Financial risk management is the practice of creating economic value in a firm by using financial instruments to manage exposure to risk, particularly credit risk and market risk. Other types include Foreign exchange, Shape, Volatility, Sector, Liquidity, Inflation risks, etc. Similar to general risk management, financial risk management requires identifying its sources, measuring it, and plans to address them. Financial risk management can be qualitative and quantitative. As a specialization of risk management, financial risk management focuses on when and how to hedge using financial instruments to manage costly exposures to risk.

Economic Risk
Economic risks can be manifested in lower incomes or higher expenditures than expected. The causes can be many, for instance, the hike in the price for raw materials, the lapsing of deadlines for construction of a new operating facility, disruptions in a production process, emergence of a serious competitor on the market, the loss of key personnel, the change of a political regime, or natural disasters. Additionally, it is worth noting that from a societal standpoint, losses are much more lucrative than gains, as governmental bodies will do anything it takes, according to recent research, to avoid losing or resorting to an inferior position.

Country Risk
Country risk refers to the risk of investing in a country, dependent on changes in the business environment that may adversely affect operating profits or the value of assets in a specific country. For example, financial factors such as currency controls, devaluation or regulatory changes, or stability factors such as mass riots, civil war and other potential events contribute to companies' operational risks. This term is also sometimes referred to as political risk; however, country risk is a more general term that generally refers only to risks affecting all companies operating within a particular country. Political risk analysis providers and credit rating agencies use different methodologies to assess and rate countries' comparative risk exposure. Credit rating agencies tend to use quantitative econometric models and focus on financial analysis, whereas political risk providers tend to use qualitative methods, focusing on political analysis. However, there is no consensus on methodology in assessing credit and political risks.

Market Risk
The possibility for an investor to experience losses due to factors that affect the overall performance of the financial markets. Market risk, also called "systematic risk," cannot be eliminated through diversification, though it can be hedged against. The risk that a major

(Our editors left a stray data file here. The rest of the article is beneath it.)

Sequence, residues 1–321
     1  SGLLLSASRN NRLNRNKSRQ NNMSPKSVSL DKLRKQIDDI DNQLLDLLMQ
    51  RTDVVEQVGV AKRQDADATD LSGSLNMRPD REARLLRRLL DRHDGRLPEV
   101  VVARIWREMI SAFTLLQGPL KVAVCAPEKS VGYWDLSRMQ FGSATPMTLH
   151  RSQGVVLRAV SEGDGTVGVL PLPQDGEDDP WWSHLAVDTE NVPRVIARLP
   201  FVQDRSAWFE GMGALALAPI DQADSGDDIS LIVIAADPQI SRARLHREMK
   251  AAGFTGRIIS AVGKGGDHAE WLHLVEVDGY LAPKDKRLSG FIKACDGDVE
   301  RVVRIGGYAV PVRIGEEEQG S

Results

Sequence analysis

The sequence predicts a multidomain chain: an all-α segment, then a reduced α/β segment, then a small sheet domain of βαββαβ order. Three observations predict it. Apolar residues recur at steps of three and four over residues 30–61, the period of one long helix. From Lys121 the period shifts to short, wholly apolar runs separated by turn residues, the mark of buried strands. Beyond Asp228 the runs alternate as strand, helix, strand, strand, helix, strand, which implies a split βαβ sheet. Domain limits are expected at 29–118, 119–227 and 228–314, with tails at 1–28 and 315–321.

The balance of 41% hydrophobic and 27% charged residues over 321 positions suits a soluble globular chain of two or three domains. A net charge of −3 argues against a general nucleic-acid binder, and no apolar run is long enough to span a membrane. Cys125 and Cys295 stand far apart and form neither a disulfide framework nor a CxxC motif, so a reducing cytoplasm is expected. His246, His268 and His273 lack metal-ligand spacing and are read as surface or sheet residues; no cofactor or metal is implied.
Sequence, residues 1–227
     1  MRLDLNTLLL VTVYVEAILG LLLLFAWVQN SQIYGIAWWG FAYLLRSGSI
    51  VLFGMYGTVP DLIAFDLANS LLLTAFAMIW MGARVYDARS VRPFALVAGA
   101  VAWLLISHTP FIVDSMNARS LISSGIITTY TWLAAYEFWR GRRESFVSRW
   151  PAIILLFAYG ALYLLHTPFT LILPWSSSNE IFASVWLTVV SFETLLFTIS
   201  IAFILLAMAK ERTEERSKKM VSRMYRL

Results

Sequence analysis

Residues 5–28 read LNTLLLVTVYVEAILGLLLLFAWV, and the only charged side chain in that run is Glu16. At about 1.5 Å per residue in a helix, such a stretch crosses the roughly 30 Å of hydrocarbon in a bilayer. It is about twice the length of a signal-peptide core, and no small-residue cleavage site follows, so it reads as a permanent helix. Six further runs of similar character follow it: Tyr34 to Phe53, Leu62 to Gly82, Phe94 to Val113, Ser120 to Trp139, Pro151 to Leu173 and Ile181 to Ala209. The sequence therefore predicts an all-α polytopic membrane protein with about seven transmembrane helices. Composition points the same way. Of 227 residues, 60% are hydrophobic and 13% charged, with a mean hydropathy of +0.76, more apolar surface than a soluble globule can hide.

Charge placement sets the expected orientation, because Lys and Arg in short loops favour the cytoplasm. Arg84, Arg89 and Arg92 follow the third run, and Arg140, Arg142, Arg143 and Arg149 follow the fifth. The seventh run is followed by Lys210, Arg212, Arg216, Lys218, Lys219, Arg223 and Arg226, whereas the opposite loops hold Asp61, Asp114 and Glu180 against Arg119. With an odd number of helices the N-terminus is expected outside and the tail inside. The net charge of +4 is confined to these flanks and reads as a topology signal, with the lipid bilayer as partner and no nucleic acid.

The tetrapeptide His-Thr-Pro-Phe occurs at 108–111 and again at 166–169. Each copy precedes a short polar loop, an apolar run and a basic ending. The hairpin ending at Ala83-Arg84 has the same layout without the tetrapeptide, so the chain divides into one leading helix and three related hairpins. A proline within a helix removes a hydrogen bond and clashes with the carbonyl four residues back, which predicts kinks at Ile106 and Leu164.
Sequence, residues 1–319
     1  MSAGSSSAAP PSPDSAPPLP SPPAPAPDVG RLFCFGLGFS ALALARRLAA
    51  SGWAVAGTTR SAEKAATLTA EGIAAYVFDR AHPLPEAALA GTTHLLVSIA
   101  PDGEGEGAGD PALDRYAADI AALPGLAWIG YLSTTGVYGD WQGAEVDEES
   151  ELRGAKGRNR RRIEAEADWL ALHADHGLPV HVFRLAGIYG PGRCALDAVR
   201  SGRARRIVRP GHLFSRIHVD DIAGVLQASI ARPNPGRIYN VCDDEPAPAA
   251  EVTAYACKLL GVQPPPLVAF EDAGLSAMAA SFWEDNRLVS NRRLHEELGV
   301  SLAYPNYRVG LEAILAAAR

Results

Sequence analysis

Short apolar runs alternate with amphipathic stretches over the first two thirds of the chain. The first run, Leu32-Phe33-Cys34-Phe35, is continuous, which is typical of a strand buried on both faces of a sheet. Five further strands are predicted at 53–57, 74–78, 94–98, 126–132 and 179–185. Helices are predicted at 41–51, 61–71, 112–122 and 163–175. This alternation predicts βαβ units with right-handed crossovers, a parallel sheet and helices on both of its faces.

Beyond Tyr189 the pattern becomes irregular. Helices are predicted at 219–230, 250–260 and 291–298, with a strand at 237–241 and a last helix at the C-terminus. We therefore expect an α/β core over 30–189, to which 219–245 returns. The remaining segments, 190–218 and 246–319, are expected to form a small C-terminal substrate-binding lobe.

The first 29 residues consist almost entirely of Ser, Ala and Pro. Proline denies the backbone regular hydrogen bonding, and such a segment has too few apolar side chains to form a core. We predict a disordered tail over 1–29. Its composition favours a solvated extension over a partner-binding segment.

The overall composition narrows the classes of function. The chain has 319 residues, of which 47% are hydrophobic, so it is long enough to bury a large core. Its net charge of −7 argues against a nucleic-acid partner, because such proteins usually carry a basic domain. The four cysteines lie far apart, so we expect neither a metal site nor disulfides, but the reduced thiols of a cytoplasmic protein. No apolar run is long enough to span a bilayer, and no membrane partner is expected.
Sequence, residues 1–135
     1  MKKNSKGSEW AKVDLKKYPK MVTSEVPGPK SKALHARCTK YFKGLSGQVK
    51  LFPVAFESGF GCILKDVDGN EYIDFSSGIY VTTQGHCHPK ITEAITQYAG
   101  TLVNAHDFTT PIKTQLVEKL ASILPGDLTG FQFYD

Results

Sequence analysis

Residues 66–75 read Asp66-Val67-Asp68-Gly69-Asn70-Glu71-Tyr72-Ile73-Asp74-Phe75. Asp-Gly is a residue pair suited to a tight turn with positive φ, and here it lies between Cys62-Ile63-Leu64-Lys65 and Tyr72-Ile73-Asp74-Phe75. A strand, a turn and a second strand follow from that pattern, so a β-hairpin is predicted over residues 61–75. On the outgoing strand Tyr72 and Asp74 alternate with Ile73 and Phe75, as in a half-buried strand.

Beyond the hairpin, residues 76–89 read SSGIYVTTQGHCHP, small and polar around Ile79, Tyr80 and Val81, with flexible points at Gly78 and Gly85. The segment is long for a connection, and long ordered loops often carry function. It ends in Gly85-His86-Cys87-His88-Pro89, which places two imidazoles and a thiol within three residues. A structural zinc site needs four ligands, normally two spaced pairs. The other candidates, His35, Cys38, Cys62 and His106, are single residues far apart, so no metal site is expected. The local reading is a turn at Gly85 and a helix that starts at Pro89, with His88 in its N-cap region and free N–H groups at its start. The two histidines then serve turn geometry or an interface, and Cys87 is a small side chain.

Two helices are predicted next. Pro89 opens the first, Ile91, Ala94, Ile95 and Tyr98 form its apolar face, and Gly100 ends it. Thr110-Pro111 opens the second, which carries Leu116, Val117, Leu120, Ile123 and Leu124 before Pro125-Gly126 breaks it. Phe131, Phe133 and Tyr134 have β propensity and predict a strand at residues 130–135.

natural disaster will cause a decline in the market as a whole is an example of market risk. Other sources of market risk include recessions, political turmoil, changes in interest rates and terrorist attacks.

Exchange rate Risk

Foreign exchange risk (also known as exchange rate risk or currency risk) is a financial risk posed by an exposure to unanticipated changes in the exchange rate between two currencies. Investors and multinational businesses exporting or importing goods and services or making foreign investments throughout the global economy are faced with an exchange rate risk which can have severe financial consequences if not managed appropriately

Opertional Risk
Operational risk management differs from other types of risk, because it is not used to generate profit (e.g. credit risk is exploited by lending institutions to create profit, market risk is exploited by traders and fund managers, and insurance risk is exploited by insurers). They all however manage operational risk to keep losses within their risk appetite - the amount of risk they are prepared to accept in pursuit of their objectives. What this means in practical terms is that organisations accept that their people, processes and systems are imperfect, and that losses will arise from errors and ineffective operations. The size of the loss they are prepared to accept, because the cost of correcting the errors or improving the systems is disproportionate to the benefit they will receive, determines their appetite for operational risk.


Money laundering is the process of concealing sources of money. Money evidently gained through crime is "dirty" money, and money that has been "laundered" to appear as if it came from a legitimate source is "clean" money. Money can be laundered by many methods, which vary in complexity and sophistication.